It is regrettable that the government has missed the opportunity presented by the Education Bill to address the issue of school funding. The funding of Trust Schools directly from central government, as happened with Grant Maintained Schools, would remove the unfair and cumbersome system which still operates. It is a national disgrace that spending per pupil remains the biggest postcode lottery in our public services and it is a sad reflection on all our politicians that this receives so little attention. The phrase “parity of funding”, used on the DFES website to describe funding within a local authority, should be the underlying principle for schools throughout the country.

To secure this parity all schools should be funded directly from central government. A simple formula, largely based on pupil numbers, special needs and academic attainment, would ensure that every school in the country had an equitable share of the global sum available for education. To continue to pretend that education is a local service and should incorporate an element of locally raised revenue defies common sense. There is nothing local about education and there never has been. We want and expect all our pupils to be educated to the highest standard whichever city or county they happen to live in.

National funding from national taxation would reinforce the sense that education is a resource for the whole country – something in which we should all take pride and from which every pupil should benefit. It would enable us to monitor precisely how much is being spent and it would save a huge amount of money by eliminating a layer of unnecessary bureaucracy. As a welcome by-product it would also reduce council tax bills to acceptable levels.

The time for reform is long overdue. Politicians from all parties should use the setting up of Trust Schools to deliver a sensible system of funding.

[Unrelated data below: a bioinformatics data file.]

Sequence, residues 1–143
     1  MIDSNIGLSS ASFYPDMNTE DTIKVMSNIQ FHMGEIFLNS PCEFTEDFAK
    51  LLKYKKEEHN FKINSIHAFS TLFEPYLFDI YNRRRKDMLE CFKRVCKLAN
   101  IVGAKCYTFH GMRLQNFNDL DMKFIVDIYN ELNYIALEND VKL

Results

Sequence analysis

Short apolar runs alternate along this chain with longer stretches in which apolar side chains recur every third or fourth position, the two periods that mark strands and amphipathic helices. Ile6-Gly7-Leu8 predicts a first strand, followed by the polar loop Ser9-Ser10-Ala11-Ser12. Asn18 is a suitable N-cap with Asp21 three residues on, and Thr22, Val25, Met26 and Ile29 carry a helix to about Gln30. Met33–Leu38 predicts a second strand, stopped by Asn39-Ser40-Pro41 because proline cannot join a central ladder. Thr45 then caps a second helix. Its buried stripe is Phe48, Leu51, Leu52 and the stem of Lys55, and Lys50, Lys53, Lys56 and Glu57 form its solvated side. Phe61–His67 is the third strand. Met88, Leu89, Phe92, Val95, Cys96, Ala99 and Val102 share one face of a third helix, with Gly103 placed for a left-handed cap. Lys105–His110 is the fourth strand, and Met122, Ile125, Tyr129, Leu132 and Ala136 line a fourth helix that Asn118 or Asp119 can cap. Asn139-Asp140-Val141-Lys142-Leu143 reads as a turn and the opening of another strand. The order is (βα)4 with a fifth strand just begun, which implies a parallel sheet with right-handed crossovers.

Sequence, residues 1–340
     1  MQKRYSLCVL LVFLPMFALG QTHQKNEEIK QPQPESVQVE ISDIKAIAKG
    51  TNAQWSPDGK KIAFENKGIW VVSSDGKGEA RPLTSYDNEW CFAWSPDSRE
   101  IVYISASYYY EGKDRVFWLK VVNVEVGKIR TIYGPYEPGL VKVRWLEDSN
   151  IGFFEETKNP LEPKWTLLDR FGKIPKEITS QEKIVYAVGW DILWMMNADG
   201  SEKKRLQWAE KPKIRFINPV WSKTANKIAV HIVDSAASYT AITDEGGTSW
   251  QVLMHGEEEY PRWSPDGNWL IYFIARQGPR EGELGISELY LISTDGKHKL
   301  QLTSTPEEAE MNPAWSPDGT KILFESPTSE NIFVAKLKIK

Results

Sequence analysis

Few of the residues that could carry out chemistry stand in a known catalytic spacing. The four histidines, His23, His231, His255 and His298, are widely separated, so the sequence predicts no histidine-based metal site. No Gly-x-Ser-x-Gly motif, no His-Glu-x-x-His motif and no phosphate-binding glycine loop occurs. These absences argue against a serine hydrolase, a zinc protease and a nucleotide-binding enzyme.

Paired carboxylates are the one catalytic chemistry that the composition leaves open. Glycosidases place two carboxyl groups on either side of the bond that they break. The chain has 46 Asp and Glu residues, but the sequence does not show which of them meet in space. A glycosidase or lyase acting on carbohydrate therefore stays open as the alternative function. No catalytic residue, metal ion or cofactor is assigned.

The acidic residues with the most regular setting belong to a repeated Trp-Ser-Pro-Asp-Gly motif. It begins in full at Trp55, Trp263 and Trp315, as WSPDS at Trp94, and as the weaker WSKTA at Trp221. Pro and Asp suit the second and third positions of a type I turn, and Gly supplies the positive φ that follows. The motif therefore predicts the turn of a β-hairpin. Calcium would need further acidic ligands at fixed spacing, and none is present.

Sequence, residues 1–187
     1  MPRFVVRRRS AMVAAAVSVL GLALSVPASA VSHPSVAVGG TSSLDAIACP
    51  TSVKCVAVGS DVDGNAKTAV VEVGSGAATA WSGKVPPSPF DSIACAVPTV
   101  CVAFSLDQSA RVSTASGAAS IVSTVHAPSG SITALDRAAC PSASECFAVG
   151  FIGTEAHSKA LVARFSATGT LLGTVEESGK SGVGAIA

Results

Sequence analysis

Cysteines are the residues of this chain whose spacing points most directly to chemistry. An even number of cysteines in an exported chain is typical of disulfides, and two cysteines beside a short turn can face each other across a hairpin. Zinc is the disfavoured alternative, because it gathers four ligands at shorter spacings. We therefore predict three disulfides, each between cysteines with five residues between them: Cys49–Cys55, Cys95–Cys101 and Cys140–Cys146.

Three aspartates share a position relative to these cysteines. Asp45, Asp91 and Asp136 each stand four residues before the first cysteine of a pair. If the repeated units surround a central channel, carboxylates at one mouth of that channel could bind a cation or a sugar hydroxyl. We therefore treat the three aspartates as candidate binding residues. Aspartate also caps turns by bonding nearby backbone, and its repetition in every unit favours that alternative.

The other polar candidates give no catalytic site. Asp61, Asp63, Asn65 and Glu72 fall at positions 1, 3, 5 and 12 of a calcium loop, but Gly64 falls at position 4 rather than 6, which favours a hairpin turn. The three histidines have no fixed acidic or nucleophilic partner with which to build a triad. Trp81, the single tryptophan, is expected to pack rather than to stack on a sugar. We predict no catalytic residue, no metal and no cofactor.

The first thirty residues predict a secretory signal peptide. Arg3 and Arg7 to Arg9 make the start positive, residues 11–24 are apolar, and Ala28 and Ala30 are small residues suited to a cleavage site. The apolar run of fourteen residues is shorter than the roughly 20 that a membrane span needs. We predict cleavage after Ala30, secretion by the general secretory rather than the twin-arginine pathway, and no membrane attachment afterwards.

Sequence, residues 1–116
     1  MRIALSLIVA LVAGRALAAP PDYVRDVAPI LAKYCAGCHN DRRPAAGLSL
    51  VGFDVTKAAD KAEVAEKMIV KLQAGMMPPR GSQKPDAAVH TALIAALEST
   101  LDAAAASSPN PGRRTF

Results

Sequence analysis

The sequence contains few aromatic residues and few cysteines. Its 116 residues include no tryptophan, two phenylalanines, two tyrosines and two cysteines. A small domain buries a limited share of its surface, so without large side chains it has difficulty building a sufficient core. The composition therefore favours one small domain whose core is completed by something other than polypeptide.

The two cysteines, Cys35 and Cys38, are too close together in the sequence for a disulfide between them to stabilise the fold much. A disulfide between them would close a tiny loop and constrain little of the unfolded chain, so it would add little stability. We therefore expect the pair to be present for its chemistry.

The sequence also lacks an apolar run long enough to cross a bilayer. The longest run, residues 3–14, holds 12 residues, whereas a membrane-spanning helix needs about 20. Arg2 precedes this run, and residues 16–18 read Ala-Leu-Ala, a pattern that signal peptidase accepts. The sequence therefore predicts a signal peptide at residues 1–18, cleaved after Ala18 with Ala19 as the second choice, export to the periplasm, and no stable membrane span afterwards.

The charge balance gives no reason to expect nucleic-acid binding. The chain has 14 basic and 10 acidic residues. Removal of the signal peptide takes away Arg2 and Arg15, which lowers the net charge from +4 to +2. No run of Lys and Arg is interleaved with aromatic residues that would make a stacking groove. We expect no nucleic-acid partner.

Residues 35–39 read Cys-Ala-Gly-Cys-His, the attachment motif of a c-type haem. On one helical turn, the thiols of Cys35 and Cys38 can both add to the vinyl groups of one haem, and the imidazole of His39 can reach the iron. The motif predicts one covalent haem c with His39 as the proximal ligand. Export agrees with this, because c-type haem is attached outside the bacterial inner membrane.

Note1: Age Weighted Funding Per Pupil may not present the whole picture in a Local Authority’s Education budget but it may tell us something. CIPFA’s Education Statistics 2005-06 Estimates show the age weighted allocations for each Local Authority. For example, Worcestershire allocates £1837 for each Year 6 pupil, while Dorset allocates £1394. Southend-on-Sea is able to allocate £3385 for each Year 11 pupil, while Blackpool allocates £2306.

Note 2: The league table of average pupil funding for 2006/7 in each local authority can be seen on the excellent f40 website at www.f40.org.uk.




If we were absolutely certain of the causes of bad behaviour we would be in a better position to manage and reduce it. Life would be more tranquil at home, at school and in the streets. A recent edition of the TES highlighted ten reasons for bad behaviour which are to be the subject of a forthcoming book called Toxic Childhood. Not everyone will agree with all ten reasons but they make a serious and thoughtful contribution to the behaviour debate. They should be studied carefully and the evidence on which they are based examined thoroughly.

There is never a shortage of ideas when behaviour is discussed by teachers or parents. We all have our own theories, some entrenched and some influenced by fashionable beliefs. In the interest of contributing to the present discussion here are five more reasons for bad behaviour:

  • The need for peer approval
    · Group and peer pressure
    · The child-centred culture
    · An uncertain moral framework in society
    · A lack of discipline at home, in school and, sadly, even on the football field

Just headings but all worth exploring.



The subject of this week’s essay. More thoughts on behaviour.






I’ve taught in reception. Once. One afternoon when the head was desperate. I enjoyed the experience but I’m happy not to have made a career of it.

But I do like visiting reception classes and these days I visit quite a few. They have a charm of their own – charm for visitors, but that may not be the term that teachers use. Most aspects of childhood come together in reception classes to make them very special communities. They are colourful tapestries of excitement, play, imagination, wonder, curiosity, eagerness, honesty, spontaneity, friendship and warmth. The effect is twofold: an enriched childhood and the promotion of essential learning and development.